Below are given the complete reports of the Library and Membership Committees of the Union, as presented at the annual meeting on Thursday:
Library Committee Report.
The Library Committee of the Harvard Union presents its report for the year during which it has held office--April, 1905 to April, 1906--and for the financial year which came to an end during its term--August 1, 1904 to July 31, 1905.
On April 1, 1905, the library contained 7,560 volumes; on April 1, 1906, it contained 8,064 volumes, a gain of 504. Of these, 95 have been gifts, the remainder having been purchased from the regular funds of the Union Library or from special sums given for the purchase of books. For copies of their own works we are indebted to Colonel T. W. Higginson, President Henry S. Pritchett, Professor A. B. Hart, Professor George Santayana, Rev. S. C. Beach, and Messrs. Ripley Hitchcock and Edwin S. Balch. Other volumes have been received from Messrs. H. P. Arnold '52, and John Brown Gerrish '71, who have been generous givers to the library in previous years, from Messrs. A. J. Hammerslough, G. H. Chase and Clarence Cary, and from a number of institutions and officials. Mr. George Blaney '07 has presented a set of Charles Dudley Warner's works, in 15 volumes. From the Signet Society we have received a gift of $30, which has not yet been expended.
The library is already fairly well provided with standard English literature, but among the longer sets of works purchased during the year have been George MacDonald's works, Charles Reade's novels, Charles Kingsley's works, Froude's "History of England," "The Spectator," Arber's "English Garner," and translations of Turgenef and Tolstoi, the latter by Professor Wiener, of the Harvard Faculty.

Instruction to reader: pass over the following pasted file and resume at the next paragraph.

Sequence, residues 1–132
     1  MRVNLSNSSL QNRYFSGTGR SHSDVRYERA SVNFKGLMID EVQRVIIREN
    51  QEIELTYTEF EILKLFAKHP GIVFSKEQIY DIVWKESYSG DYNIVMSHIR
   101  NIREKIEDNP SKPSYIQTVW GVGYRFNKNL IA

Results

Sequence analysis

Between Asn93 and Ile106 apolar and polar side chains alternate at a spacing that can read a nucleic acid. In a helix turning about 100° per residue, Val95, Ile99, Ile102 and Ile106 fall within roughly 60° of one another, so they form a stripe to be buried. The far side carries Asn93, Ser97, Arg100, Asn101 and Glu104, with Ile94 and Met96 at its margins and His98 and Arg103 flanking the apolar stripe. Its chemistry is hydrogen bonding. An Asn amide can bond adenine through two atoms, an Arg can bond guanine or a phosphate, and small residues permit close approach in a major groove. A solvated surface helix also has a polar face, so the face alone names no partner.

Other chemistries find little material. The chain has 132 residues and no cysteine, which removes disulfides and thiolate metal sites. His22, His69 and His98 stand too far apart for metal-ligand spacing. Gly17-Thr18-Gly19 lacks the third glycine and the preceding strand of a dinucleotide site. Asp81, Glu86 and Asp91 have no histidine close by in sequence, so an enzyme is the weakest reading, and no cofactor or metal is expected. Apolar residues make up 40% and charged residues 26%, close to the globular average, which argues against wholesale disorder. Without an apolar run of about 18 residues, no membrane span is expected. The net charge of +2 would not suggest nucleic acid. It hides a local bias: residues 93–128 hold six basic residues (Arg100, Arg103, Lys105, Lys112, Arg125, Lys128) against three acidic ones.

The committee thinks that the library is now ready to go on somewhat further with the buying of French and German works, and it is indebted to Professor C. H. C. Wright and to Professor Walz for suggestions in regard to the authors which it is desirable to add. Sets of Goethe, Schiller, and Lessing have already been provided by the Deutscher Verein. Sets of many of the more important French authors were given some years ago by Mr. Hyde, or were received from the library of Roger T. Atkinson '94. The works of several German authors have already been ordered, and it is expected that a number of French authors will be added before the end of the year.
Some changes have been made in our periodical list. Sixty-one periodicals are now taken regularly, of which 39 are American, 17 English, 3 German, and 2 French. The annual cost of these is about $290. Only a very small number are bound; the others are given away, for the most part through the Phillips Brooks House, after their current interest has passed by.
Twenty-five newspapers, besides the Boston papers, are regularly received. Most of these come to us as gifts from Harvard clubs or Harvard graduates in different cities of the United States. For the "London Times," we are indebted to M. H. P. Arnold, of Pasadena, California.